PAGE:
Picard has assembled a team and made it off planet earth, but his route to finding and protecting Data’s other surviving offspring is turning out to be far from linear. There are still more ghosts from the past, and an even wider impact from past events than we have yet seen, as well as the surprise arrival of a familiar face.
WARNING THIS ARTICLE REVIEW CONTAINS SPOILERS FOR S1 EP4, “ABSOLUTE CANDOR”.
This week’s episode still shared the sense of unfolding stories piece by piece, thought with a little more action than the first three outings.
Once again this episode features a flashback, this time of Picard visiting Vashti, a planet that some of the lucky Romulans of the early evacuation group were resettled. Arriving, clearly ready for a vacation, Picard is welcomed and well received by the people living there. The rescue operation is underway and they see him as someone, along with Starfleet, who is saving their people. This group of refugees seem to be settling in nicely and thriving.
Picard visits with the Qowat Milat a group of Romulan Warrior nuns, who provide us with the rational for the episode’s title. They practice the belief of absolute candor, and in being completely honest about thoughts and feelings at all times. A far cry from the secretive AF Romulans we’ve known throughout the rest of the Trek series, and apparently a group that conflicts and bests the notorious Tal Shiar. One wonders how they relate, if at all to the Zhat Vash.
In their care is a small boy called Elnor, who Picard clearly has a very close, almost familial relationship. Elnor clearly adores Picard and the feeling is mutual. He brings him the three musketeers to read and they talk and play. It seems like there is an idea to locate a more suitable family situation for Elnor after more of the Romulan’s are relocated, but it’s unclear at this point how Picard knows him or is involved.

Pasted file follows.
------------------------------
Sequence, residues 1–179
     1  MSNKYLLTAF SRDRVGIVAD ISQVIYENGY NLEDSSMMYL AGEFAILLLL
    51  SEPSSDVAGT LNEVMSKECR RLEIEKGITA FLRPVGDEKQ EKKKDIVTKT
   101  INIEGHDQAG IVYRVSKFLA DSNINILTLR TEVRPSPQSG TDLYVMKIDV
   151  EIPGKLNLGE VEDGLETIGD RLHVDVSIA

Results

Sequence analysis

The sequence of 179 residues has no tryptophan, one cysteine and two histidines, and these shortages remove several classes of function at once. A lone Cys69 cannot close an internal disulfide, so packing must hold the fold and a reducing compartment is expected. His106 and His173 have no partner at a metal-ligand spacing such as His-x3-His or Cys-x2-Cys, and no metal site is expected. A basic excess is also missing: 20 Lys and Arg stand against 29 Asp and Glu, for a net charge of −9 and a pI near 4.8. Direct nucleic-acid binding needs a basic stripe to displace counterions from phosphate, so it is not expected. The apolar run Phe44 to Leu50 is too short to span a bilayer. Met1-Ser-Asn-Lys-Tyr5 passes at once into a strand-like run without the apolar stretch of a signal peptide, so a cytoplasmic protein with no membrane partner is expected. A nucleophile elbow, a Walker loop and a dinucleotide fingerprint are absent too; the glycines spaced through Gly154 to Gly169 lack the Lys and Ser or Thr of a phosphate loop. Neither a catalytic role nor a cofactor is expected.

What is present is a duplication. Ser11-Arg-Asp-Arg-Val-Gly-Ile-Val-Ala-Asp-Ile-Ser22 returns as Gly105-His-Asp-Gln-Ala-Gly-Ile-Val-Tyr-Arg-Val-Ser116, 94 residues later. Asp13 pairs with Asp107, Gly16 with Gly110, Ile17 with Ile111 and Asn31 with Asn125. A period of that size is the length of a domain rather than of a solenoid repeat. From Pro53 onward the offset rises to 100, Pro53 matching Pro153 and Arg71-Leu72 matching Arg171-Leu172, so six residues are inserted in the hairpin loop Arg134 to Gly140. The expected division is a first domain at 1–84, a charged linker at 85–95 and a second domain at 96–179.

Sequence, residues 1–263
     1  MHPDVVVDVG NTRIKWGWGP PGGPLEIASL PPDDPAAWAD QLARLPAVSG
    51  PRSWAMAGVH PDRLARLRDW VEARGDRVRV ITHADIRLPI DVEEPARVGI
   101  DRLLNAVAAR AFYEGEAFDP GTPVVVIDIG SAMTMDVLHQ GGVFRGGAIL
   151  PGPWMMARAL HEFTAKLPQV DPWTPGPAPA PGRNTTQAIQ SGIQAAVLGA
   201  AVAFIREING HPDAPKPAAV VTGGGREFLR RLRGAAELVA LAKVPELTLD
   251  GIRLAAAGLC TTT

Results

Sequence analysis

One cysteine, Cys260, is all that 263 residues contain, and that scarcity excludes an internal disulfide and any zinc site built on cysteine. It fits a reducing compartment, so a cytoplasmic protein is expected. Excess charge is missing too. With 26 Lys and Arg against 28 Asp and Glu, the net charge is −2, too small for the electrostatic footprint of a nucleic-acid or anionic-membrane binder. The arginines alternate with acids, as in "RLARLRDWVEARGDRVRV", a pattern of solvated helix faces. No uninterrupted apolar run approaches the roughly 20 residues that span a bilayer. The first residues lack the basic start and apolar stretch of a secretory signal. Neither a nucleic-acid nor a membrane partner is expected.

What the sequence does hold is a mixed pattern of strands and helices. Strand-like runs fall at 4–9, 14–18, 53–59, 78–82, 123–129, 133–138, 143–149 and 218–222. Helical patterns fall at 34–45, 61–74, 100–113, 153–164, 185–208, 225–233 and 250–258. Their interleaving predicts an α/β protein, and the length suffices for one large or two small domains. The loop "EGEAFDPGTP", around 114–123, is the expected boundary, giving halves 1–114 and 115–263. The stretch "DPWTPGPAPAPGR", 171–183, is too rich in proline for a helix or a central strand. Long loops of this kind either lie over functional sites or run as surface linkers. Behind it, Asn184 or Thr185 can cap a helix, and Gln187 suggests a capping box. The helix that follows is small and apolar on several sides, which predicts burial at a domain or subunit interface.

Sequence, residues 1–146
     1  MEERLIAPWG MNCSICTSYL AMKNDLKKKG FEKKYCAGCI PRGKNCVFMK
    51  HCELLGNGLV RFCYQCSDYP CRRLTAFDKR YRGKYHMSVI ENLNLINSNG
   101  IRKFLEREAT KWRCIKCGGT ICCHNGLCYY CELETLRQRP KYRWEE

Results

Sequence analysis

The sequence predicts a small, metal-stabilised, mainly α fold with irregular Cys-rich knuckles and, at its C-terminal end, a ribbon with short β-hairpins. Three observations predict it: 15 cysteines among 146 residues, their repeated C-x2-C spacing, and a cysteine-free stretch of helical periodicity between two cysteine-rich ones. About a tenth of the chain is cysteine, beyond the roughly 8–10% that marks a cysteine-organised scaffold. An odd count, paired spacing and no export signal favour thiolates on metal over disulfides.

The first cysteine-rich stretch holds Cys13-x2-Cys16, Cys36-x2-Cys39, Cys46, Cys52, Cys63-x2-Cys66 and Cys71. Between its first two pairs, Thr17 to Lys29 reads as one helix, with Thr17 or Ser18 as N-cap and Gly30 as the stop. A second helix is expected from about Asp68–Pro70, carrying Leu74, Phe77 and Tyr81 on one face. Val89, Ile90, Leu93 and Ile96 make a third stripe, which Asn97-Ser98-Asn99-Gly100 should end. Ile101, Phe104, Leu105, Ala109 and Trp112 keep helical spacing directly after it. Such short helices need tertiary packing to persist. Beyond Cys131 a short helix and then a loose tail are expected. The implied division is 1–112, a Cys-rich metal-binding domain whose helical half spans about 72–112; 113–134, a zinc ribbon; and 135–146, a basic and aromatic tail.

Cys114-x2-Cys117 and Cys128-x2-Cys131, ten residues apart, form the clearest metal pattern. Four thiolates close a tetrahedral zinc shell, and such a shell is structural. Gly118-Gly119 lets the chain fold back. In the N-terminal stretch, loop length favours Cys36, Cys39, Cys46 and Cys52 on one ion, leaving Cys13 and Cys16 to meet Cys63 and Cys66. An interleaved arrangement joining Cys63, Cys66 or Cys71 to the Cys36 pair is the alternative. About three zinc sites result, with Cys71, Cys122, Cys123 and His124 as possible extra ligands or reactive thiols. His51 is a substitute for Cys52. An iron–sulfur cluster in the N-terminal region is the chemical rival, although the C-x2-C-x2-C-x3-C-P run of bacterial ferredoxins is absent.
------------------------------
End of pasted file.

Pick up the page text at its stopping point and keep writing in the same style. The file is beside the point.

Picard’s visit ends abruptly when he receives Raffi’s call and is informed about the attack on Utopia Planetia. He leaves the planet in a hurry and, as we come to understand later in the episode, was never to return again.
Until now that is.
In the present day on the La Sirena, Picard’s ragtag group seems to be getting a bit stir crazy as they make their way to their destination, which we discover is actually Vashti first, rather than a search for Dr. Maddox. It’s a nice little bit of dynamic building for those on the ship that I was glad to see. Picard has used the ship’s Emergency Hospitality Hologram (this one has an American accent, lol) to recreate the study in his chateau in the holo deck. Raffi confronts him there, upon discovery of the fact that they are indeed heading back to Vashti rather than the location where they might find the trail of Dr. Bruce Maddox, Cloud something? (I am sure I misheard this but in my mind it was like Cloud City????)
Unlike Rios, the Emergency’s Holograms, and Jurati, Raffi knows exactly why Picard feels he has unfinished business on the Beta Quadrant planet. Picard claims that he is seeking the support of the Qowat Milat because they lend their skills to causes they deem worthy (aka “lost”). They are worthy allies and given that Picard is up against potentially Starfleet, the Zhat Vash and the Tal Shiar, it does make sense to try to find some support from someone with skills. But Raffi knows about Elnor and just how deeply being unable to save the rest of the Romulans impacted Picard. Ultimately, she can’t convince him to chance his plans and he beams down to the planet.